But first, let's see how an actual result looks like to dig deeper into the concept. In order to demonstrate it, we will use another nice feature of SerpApi, playground. Playground is where you can see the resulting HTML alongside the JSON response, and play around with parameters to come up with different results.

Overall look of playground.

Let's take a look at what can be found at a JSON body:

  "images_results": [
    {
      "position": 1,
      "thumbnail": "https://serpapi.com/searches/618ec5462c6878ac55bc306c/images/f4e30dbda435a4130ee31007b1d0dba9f2e294d52c9203b54aaa018192636b86.jpeg",
      "source": "nytimes.com",
      "title": "How the Cat Gets Its Stripes: It's Genetics, Not a Folk Tale - The New York  Times",
      "link": "https://www.nytimes.com/2021/09/07/science/cat-stripes-genetics.html",
      "original": "https://static01.nyt.com/images/2021/09/14/science/07CAT-STRIPES/07CAT-STRIPES-mediumSquareAt3X-v2.jpg",
      "is_product": false
    },
    ...
Example of an image result in JSON body

images_results key contains an array of images. original key within an individual result gives the original link for the image. Idea is to make an array out of these individual links to be downloaded. Local results variable will be an array of strings containing links to images in the end. (Ex. ["https://google.com/cat-image.jpg",...])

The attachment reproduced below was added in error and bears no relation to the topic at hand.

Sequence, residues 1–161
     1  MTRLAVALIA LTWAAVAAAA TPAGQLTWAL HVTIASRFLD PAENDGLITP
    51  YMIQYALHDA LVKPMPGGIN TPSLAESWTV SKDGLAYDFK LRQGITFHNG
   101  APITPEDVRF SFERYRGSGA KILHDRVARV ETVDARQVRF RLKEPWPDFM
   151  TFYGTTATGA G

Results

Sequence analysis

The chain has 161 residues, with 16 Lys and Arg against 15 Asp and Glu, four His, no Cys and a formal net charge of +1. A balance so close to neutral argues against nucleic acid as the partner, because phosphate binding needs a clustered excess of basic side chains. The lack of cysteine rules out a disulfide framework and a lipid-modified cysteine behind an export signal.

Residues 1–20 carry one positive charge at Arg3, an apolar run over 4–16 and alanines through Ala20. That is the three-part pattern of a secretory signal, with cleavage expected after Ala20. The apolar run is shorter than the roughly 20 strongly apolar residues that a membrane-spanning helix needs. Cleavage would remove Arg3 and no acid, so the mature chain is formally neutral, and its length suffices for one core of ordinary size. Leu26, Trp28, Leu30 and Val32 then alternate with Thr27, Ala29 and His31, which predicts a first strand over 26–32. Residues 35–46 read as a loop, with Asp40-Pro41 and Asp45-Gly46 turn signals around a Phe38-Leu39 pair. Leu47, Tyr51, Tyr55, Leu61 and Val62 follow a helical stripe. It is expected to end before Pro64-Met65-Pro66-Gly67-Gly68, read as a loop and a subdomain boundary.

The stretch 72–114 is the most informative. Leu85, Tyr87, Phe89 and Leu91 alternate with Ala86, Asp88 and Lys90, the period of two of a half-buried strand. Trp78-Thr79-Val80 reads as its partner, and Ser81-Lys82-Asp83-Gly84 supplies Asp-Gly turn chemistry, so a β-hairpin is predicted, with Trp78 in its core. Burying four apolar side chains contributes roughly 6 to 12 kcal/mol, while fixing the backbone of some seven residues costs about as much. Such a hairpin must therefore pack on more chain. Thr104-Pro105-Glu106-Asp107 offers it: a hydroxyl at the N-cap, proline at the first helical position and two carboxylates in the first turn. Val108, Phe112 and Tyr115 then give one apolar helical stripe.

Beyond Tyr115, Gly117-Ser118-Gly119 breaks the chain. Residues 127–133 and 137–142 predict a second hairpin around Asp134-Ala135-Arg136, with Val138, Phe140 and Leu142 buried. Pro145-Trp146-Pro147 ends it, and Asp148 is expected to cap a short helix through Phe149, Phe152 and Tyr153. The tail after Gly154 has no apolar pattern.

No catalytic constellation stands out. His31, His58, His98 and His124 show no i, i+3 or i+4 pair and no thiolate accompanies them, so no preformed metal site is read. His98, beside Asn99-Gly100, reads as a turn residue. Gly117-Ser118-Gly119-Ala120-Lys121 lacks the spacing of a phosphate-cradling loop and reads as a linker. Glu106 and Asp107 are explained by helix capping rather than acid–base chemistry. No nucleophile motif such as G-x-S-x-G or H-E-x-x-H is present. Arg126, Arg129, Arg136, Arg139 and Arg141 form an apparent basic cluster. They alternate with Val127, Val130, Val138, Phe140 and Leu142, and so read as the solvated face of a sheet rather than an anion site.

Lines below will make a folder name out of the query:

    folder_name = replace(q, " " => "_")
    folder_name = replace(folder_name, "." => "_")
Folder naming

In the end, images retrieved from the cat query would end up in cat folder whereas images of cat food would be placed inside cat_food.


Each image has to be inside their own folder so that coherent body of images could be loaded into the model later. But first, the script has to check if there is a folder under that name and if it contains a csv file.

check_folder_and_csv(folder_name)
Checking if there's a past folder named after the same query.

Let's dig into how the folder name is checked:

  function check_folder_and_csv(folder_name)
    folder_name ∉ readdir("Datasets") && make_folder_and_csv(folder_name)
  end
Function responsible for checking the folder.

If the there is no folder with the name cat inside Datasets in our example, make_folder_and_csv(folder_name) gets into action.

  function make_folder_and_csv(folder_name)
    mkdir("Datasets/$(folder_name)")
    initial_csv = DataFrame()
    initial_csv.link = []
    CSV.write("Datasets/$(folder_name)/links.csv", initial_csv)
  end
Function responsible for creating the folder and csv within it.

This function creates a cat folder and also creates an empty links.csv file within it. This file will be used to avoid duplicate image links to be downloaded in the future.

Last line in call_serpapi() function is responsible for checking if the links are unique and hasn't been downloaded before.

    check_new_links(folder_name, results)